MARIA STEIN — Nick Moeller started out brewing beer a few gallons at a time. He picked up his jones for making suds while working as a submarine mechanic in the the Pacific Northwest, that Mecca of microbreweries and home-crafted beer. His job later took him to southern California, yet another hotbed of home brews. By the time the Cassella-native brought his family back to Auglaize County, he was brewing up to 20 gallons at a time.
He’s stepped it up a bit since.
“We just finished canning and labeling 131 cases last night,” Moeller said while standing in the center of Moeller Brew Barn, an endeavor just over one year old which is making a name for itself throughout western Ohio for its quality, hand-crafted brews. At any given time, Moeller Brew Barn will have hundreds of gallons of beer fermenting in one of four vats, everything from palest of India ales to the darkest of stouts.
“We have more on the way,” Moeller said with a smile after relating that the canning session was a first for his company. “We’re not going to run out.”
The brewery itself (“Where the magic happens,” Moeller said) could fit inside a racquetball court, seven stainless steel vats from which about 20 different beers are produced. Visitors to the Moeller Brew Barn really don’t need a tour of the brewery as the whole shebang sits a mere 15 feet from where the beer is sold. Moeller and brewmaster Nathan Hart may be the only brewers on the planet who get constant advice and occasional heckling from their own customers.
Not that it bothers Moeller in the least. As long as the subject is beer, Moeller is a happy man and quite willing to expound on the subject.
“We’re not interested in making anything else,” Moeller said of his brews. “Or talking about anything else, really.”
Hieroglyphics in Egyptian tombs depict recipes and processes for brewing beer and, not surprisingly, cures for hangovers. With its craft beer concoctions, Moeller Brew Barn is simply following a human tradition that is at least 10,000 years old. To be sure, it’s unlikely that the ancients used immaculate stainless steel vats to brew their beer, but the ancients also didn’t have Blackberry Prairie Wheat or Wally Post Red, two of Moeller Brew Barn’s most popular beers, both made right there on the premises in full view of the patrons.
Brewing beer is a relatively simple process. Malted grains and water are pulped into a mash, called wort, to convert the starches in the grain into sugar. The wort is then pumped into a vat where hops are added for that distinctive beer taste. The liquid is heated to a prescribed temperature, then moved again into vats where specific yeasts are added. The yeast converts the sugars into carbon dioxide, which is siphoned off by a system of hoses, and alcohol, which is siphoned off in one pint glasses.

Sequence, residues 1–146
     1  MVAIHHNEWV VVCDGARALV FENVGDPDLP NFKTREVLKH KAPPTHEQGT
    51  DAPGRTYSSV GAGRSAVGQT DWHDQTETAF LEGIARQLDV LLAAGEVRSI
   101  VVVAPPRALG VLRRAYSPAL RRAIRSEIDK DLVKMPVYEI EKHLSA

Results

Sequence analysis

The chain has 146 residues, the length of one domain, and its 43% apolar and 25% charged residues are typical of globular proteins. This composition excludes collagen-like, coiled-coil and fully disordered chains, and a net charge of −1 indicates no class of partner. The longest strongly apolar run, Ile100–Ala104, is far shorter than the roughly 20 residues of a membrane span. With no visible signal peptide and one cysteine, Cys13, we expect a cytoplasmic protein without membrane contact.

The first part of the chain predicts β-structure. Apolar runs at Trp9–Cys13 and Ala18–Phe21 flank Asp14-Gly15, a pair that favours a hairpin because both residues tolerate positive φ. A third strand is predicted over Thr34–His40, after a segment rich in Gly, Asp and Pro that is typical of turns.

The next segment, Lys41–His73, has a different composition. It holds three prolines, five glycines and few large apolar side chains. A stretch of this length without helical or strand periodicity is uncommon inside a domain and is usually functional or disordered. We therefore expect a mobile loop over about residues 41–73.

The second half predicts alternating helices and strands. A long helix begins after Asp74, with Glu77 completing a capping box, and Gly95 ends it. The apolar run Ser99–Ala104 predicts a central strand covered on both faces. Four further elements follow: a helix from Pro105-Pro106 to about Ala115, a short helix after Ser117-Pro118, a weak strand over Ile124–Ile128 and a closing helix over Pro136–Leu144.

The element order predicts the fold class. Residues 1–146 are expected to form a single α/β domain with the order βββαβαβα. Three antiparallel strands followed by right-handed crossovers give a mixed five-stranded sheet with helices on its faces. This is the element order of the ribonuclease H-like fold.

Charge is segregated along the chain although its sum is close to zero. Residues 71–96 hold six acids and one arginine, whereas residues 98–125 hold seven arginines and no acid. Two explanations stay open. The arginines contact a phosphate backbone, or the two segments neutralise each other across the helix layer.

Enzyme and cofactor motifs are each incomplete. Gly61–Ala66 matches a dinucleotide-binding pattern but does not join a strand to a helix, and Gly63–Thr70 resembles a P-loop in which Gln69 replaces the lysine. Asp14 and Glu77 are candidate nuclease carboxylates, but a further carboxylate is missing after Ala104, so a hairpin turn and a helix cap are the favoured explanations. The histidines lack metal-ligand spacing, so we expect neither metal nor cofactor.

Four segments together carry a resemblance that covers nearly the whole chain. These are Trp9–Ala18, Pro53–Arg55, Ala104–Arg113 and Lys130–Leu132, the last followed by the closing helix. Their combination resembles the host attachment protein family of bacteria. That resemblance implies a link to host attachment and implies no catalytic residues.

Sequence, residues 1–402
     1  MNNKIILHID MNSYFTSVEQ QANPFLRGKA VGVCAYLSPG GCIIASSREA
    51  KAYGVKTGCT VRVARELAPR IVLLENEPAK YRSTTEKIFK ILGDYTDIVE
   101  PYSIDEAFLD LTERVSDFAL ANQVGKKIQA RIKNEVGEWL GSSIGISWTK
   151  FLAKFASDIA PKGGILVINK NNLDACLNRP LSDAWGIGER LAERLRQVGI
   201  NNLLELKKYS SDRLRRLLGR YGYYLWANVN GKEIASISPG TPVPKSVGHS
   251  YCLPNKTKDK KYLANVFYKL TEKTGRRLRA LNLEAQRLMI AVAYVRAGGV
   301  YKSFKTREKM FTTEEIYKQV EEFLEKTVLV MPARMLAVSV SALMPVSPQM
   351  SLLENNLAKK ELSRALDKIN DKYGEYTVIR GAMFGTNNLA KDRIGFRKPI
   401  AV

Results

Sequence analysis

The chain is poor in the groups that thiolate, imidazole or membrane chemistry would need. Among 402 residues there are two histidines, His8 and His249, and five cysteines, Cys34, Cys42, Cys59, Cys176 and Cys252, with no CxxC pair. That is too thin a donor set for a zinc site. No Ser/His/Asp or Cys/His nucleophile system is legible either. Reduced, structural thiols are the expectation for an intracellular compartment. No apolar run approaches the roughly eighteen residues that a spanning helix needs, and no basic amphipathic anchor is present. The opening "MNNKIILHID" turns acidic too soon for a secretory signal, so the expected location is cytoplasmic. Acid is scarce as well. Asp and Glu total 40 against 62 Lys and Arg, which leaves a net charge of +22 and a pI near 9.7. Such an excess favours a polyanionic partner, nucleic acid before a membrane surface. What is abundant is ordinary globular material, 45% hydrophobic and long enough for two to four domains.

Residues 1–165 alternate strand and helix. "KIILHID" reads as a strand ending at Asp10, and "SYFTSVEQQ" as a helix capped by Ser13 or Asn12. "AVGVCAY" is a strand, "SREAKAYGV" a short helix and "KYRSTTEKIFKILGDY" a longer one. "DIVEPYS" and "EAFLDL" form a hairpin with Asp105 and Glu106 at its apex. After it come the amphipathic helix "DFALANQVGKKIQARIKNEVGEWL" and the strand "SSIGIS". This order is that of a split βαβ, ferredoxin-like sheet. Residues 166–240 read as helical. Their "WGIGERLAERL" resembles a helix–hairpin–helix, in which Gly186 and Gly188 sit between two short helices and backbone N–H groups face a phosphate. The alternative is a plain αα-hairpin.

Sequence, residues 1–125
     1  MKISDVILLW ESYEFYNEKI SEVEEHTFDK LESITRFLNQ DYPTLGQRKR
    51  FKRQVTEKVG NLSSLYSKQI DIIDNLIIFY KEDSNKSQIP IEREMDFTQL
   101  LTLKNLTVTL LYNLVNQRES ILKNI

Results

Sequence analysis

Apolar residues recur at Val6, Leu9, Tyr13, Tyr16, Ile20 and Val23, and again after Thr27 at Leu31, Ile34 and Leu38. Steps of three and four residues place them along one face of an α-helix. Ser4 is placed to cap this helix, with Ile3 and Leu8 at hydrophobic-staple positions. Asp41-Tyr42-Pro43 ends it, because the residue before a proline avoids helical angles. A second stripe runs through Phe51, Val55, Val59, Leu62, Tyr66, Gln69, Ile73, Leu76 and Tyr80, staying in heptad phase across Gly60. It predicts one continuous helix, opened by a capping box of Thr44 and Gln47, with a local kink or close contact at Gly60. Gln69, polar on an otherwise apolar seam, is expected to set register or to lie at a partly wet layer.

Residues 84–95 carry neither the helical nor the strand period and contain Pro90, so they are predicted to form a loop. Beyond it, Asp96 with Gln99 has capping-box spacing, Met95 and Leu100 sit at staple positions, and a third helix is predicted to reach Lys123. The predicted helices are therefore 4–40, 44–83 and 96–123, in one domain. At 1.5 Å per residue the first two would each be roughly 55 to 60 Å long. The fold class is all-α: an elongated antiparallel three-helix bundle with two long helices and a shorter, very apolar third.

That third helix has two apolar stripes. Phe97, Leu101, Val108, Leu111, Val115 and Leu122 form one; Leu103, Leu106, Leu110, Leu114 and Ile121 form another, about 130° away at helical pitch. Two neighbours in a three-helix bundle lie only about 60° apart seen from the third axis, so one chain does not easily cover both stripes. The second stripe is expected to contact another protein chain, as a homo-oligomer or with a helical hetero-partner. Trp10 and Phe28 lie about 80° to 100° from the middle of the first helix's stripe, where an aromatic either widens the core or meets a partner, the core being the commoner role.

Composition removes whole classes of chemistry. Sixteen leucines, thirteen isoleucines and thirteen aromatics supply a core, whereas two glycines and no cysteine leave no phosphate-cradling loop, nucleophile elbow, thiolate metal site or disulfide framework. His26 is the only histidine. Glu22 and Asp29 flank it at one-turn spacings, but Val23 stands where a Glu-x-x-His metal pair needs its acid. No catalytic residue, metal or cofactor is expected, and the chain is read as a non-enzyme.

While brewing beer itself may be simple, brewing good beer is quite a different matter, something which Moeller and Hart are keenly aware. Different beers are made by tweaking the recipe, and Moeller and Hart are constantly experimenting, adding heavily roasted malting grains here, using a different strain of yeast there, or tossing pumpkin spices into the wort as the mood strikes. We asked Moeller if he’s ever brewed a batch that didn’t meet his high standards.
“Oh, no,” Moeller said emphatically. “They’re all good.”
Craft beers, especially, are designated with three ratings, those being alcohol by volume (ABV), international bitterness or bittering units (IBU), and color, darker beers having higher numbers. Moeller and Hart’s brews cover a wide range of IBU and coloring, but Moeller pointed out that they strive to keep the alcohol content of all their beer within a certain range.
“Five to seven percent,” Moeller said of his brews’ ABV. “I’d say that is just the right level of beer happiness.”
The word about Moeller Brew Barn and its beer happiness is getting around. On the day prior to our visit, deliveries of its various brews were made to Columbus, Bellefontaine, St. Marys, Greenville and Ansonia, not counting drop offs to local establishments. Most beer goes out in either standard kegs or in ‘torpedoes’, which are roughly one/sixth of a 30-gallon barrel.
Moeller Brew Barn has around 10 different brews on tap at any given time, subject to change as a new batch is finished, but except for some light snacks, beer is what is being served. And that is the way Moeller wants it.
“It’s about the beer around here,” Moeller said. “What’s better than sitting down with a beer and having a good, regular conversation? Nothing.”
This spring, Moeller introduced the Moeller Brew Barn trailer, which is making the rounds at local civic gatherings, most recently at Jackson Center, Chickasaw and Anna Homecoming. A full list of of the brews available, upcoming appearances of the trailer, and other cool stuff can be found on its neat-o website at moellerbrewbarn.com. Moeller said he has plans for adding another fermenting vat prior to the Minster Oktoberfest, joking that it will be certain to be needed by then.
He also had a ready answer when asked, of the score of beers he personally brews, which one happened to be his personal favorite. He didn’t bat an eye.
“The one that’s sitting in front of me.”